According to a new study conducted by an international body of researchers, the existence of Bitcoin is good for everyone. That includes people who don’t use
The study used economic theory, predictive modelling, and data on cryptocurrency in countries that have recently had economic crises.
The paper specifically looks at cryptocurrency as an alternative to fiats. That is, opposed to looking at them as speculative assets. Creators’ intent aside, that is how most people in countries with stable fiats commonly use them.
As long as governments have maintained monopoly power over the printing presses, there has existed a temptation to devalue a country’s sovereign currency, the authors state.
In order to mitigate or at least function through such a collapse, individuals throughout history have turned to alternatives to state-backed money.
So, say the authors, cryptocurrency is just the most recent in a long line of solutions to this problem. While Satoshi developed Bitcoin in the wake of the 2008 financial crisis, other countries have already seen subsequent financial disasters.
Following the financial crisis, a number of developing countries have experienced significant declines in the value of their sovereign currencies, bordering on crisis levels. Two examples are the Turkish lira and the Argentine peso, the authors write.
These are the first currency crises since the creation of Bitcoin, and therefore they offer an opportunity to investigate the impact that alternative digital currencies have on unstable sovereign markets.
Varieties of Digital Currencies
The paper’s discussion of digital currencies defined them as being public versus private and as centralised versus decentralised.
Public digital currencies have some relationship to a sovereign state. Private digital currencies do not have a relationship to a sovereign state, but are instead governed by private individuals or entities. They further explain that
a digital currency is centralized if it has formal barriers to entry that prevent participation in the software writing and validation process of the network.
So, Bitcoin is private-decentralised because it is not a government currency and there are no formal barriers to entry.
Some stable coins, like Libra, are private-centralised because they are not state-sponsored, but not just anyone can be a developer.
Public-centralised currencies are digital currencies that the government directly controls. Because more money is digital than physical these days, most fiat currencies actually fall under this category.
The paper also describes a theoretical fourth category of public-decentralised currencies. These would be currencies that a government accepts but does not control.
How Cryptocurrency Helps Everybody
The first way in which the existence of cryptocurrency helps people is by offering them diversification. This is the earlier-discussed use of cryptocurrency as a store of value in the event of fiat devaluation.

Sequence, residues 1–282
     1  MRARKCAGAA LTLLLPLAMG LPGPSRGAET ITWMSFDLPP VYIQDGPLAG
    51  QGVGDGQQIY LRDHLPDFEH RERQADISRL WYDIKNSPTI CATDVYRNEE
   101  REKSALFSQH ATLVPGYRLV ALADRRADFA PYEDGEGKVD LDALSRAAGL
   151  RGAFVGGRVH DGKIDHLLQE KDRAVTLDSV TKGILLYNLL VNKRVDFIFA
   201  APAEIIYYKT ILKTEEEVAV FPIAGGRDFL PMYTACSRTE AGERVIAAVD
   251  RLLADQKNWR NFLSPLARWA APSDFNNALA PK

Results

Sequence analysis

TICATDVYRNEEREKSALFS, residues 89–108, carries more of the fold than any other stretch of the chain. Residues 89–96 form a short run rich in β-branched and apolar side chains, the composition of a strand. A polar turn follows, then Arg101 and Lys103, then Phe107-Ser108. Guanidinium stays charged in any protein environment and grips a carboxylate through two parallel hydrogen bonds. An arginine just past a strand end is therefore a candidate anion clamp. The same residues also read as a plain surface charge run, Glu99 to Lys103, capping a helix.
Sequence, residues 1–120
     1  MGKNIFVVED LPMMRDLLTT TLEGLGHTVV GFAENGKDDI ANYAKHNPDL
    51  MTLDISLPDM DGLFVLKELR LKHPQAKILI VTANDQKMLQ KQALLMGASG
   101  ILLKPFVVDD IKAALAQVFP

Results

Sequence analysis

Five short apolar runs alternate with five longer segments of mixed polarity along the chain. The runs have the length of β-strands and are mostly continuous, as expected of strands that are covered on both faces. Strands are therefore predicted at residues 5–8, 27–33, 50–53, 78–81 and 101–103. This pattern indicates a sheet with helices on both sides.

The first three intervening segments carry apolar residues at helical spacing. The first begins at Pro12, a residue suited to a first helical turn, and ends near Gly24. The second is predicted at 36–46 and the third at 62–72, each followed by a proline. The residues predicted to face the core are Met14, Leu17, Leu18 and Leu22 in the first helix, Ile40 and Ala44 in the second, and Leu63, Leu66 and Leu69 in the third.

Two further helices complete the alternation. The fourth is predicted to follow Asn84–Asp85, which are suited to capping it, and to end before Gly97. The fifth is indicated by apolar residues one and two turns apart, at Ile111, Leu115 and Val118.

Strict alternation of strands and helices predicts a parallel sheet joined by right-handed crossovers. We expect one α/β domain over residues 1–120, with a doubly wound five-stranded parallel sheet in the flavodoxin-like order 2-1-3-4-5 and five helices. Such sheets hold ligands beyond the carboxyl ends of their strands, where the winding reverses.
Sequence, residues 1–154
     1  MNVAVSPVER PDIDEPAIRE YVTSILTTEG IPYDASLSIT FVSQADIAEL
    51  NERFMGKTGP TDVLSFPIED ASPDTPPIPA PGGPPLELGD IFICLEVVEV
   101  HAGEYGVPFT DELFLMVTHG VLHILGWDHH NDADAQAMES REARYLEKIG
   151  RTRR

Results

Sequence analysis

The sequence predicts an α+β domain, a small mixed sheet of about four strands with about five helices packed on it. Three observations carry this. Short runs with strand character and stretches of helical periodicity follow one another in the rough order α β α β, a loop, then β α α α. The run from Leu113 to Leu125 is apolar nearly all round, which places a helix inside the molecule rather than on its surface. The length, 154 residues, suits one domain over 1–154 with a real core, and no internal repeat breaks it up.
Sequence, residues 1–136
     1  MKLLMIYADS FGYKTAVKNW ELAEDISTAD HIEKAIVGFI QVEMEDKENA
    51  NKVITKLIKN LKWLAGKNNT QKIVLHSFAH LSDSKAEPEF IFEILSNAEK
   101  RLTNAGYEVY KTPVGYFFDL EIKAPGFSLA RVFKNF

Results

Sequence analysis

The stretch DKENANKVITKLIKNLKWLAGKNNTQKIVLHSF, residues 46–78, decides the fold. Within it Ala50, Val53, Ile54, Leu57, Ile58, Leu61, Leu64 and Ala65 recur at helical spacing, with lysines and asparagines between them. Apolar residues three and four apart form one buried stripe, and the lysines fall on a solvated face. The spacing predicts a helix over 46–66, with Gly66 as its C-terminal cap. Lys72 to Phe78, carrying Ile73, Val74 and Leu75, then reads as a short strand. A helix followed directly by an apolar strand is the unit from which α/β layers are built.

The second way in which the existence of cryptocurrenc helps people is by competing with the fiat. Most fiats are the only currency accepted within a country, meaning that the government has a monopoly over
Private digital currency serves as competition for local investment so that the existence of the private digital currency restrains monetary policy, thereby generating lower inflation, the paper claims.
The paper also highlights that cryptocurrency actually encourages local investment. It
Why Governments Should Promote Cryptocurrency
The biggest claim made by the paper is a sum of these points. Namely, the authors find that governments can protect their fiats by promoting digital currencies. This is precisely because it allows people to maintain their wealth during recessions while also making purchases. These local purchases, the government still taxes to generate revenue.
The government extracts revenue gains from citizens through taxation. Higher local investment generates higher tax revenues for the government, explains the paper.
Private digital currency investment provides diversification from capital investment, so that a permissive regulatory policy may increase capital investment, which in turn increases government tax revenues.
Interestingly, as the paper notes, governments have an active interest in moving to digital currencies – just not always private-decentralised examples.
There are a number of reasons that governments wish to move away from cash, including combating tax evasion, as well as monitoring the financial activity of their citizenry, the authors state.
For all of the paper’s impressive research and modelling, perhaps its most significant contribution is its final argument.
Crypto zealots and economists alike have long argued in favour of government tolerance of cryptocurrency. However, most of these arguments have simply pointed out that policing crypto is virtually impossible.
This paper puts forward a compelling and comprehensive argument that the state should allow cryptocurrency for the state’s own sake.